It's not news that the Christian right often appears to want nothing other than to impose its values, religious and otherwise, on the rest of the nation. But liberals would be mistaken to assume that it's only people on the far right who rely on the word of God for everything from Sunday sermon topics to public policymaking. In towns like Baton Rouge, religion is so much a part of public life that most folks can't begin to fathom that there might be something less than healthy in the blend. Of course, the religion in question is always a fairly distinct brand of down-home Protestantism, but what the hell. If you don't like Jesus, that's your business.
Actually, for a Jewish girl, I'm on pretty good terms with him. Despite my initial discomfiture with living in a place where people routinely ask "Where do y'all go to church?" I don't mind, and even welcome, being on the receiving end of blessings, Christian or otherwise. Being told "Jesus loves you, baby," by my favorite postal clerk doesn't offend me. Nor do I mind the billboards dotting the interstate ("Looking for a Sign from God? Here it is!") or the inclination of most of my neighbors to talk about their personal quests in terms of divine will.
Given the human habit of unleashing violence in the name of God, perhaps I'm naive, but I tend to believe that the Christian religiosity that's the common currency of great swaths of our country generally does more good than harm, giving people a sense of purpose and community where they might not otherwise have either. But I'm talking mainly about what I call the "good" Jesus -- the Jesus of the Sermon on the Mount, the one who, through his people, clothes the naked and feeds the hungry. In the wake of hurricanes Katrina and Rita, it's that Jesus who's been making the rounds, so much so that Jim Towey, director of the White House Office of Faith-Based and Community Initiatives, came to Baton Rouge to praise the efforts of local churches. (Well he should, too, since the federal government has all but abandoned us to our own resources.) The local newspaper covered the visit in detail. What it failed to do was mention that there might be something suspect in having a White House office of faith-based anything.
Welcome to the Bible Belt, y'all -- or at least to my small and not particularly dogmatic corner of it. (If you want the real thing, you have to go farther north, to Shreveport or Monroe.) South Louisiana is famously laid-back, and while there are those who believe, for example, that Catholics are going to burn in hell because they worship the pope, most folks just want to get along. That said, part of getting along means accommodating local norms, maybe even trampling on the Constitution now and then, because, after all, what's the big deal if the fellows pray before the high school football game? It's not like anyone's making them, and, anyway, most of the kids, maybe even all of them, are Christian.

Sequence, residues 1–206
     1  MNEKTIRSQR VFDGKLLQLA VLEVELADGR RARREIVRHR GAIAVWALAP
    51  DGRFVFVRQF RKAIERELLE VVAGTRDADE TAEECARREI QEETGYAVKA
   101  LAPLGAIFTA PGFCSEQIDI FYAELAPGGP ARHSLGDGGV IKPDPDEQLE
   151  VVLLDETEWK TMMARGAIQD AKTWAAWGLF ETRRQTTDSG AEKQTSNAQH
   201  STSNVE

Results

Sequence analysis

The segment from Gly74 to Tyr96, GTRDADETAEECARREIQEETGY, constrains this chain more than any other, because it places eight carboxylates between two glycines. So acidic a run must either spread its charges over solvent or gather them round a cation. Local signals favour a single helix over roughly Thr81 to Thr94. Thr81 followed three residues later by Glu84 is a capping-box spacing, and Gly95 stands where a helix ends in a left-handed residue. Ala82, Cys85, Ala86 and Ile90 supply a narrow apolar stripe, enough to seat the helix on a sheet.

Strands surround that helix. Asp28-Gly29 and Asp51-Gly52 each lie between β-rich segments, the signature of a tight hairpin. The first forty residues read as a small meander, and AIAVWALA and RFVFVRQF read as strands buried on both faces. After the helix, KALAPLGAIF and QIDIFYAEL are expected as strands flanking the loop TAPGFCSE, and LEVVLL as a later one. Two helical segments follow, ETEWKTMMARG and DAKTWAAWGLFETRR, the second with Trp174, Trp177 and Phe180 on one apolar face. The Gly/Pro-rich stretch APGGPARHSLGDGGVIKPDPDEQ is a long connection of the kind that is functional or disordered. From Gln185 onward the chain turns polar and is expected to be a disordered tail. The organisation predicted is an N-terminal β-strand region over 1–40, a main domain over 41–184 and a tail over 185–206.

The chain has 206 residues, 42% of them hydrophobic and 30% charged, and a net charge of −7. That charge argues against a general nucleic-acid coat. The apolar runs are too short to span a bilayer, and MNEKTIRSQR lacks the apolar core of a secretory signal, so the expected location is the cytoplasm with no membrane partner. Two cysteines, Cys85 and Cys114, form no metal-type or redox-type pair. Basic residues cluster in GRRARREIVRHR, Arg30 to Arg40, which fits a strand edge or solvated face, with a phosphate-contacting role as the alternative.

So prevalent is this last sentiment that even the Louisiana State University law school follows it, hanging an enormous Christmas wreath over its imposing neoclassical entrance every December -- to the annual protests of faculty who point out that while such a display may be constitutionally kosher, it's also, at the very least, obnoxious. But the religious sentiments don't come only from the right. In March, the Democratic governor, Kathleen Blanco, endorsed publicly sponsored prayer at Tangipahoa Parish School Board meetings. The black community, which is generally liberal, uniformly voted in favor of a state amendment banning anything that so much as hinted at the legalization of same-sex unions. It's not unusual for a preacher to start things off at political rallies, either. I attended one rally last year, where, on the steps of the state Capitol, people carrying signs that read "Leave No Millionaire Behind" and "When Clinton Lied, No One Died" bowed their heads in the name of Jesus. Not to mention that Christian ministry is a major part of what passes for rehabilitation in the state prisons.
If one common mistake liberals make is assuming that the great majority of Bible-thumping (or tapping) comes from the right, a second -- and to my mind, more important -- mistake is equating this style of religiosity with something as simple as narrow-minded ignorance. Rather, bringing God and his word as expressed in the Bible into the debate points to a profound lack of meaning and vision in our public discourse, and a searing pessimism that anyone, or any institution, in public life might put things right. It points, also, to disgust: disgust not only with our elected leaders but also with the cheapening of life around us, whether by blatant sexuality on television, soaring drug abuse, the acceptance of out-of-wedlock birth or the loss of the communal ties that once grounded us.
As far as I can tell, progressives and liberals of all stripes don't even begin to fathom the despair and confusion most ordinary Americans feel when they hear the latest violent rap song or see a billboard plastered with an image of a 16-year-old clad only in Calvin Klein underwear. The right wing of the Republican Party, on the other hand, has long understood that most Americans yearn for something nobler in our national life, but it doesn't care unless it can use frustration and despair to harvest rage, and rage to harvest votes.
What's the answer? I don't know, but it might help if our political leaders stopped spinning and, like the prophets of old, spoke the truth.
Jennifer Moses is a writer who grew up in McLean and has lived in Baton Rouge for 10 years.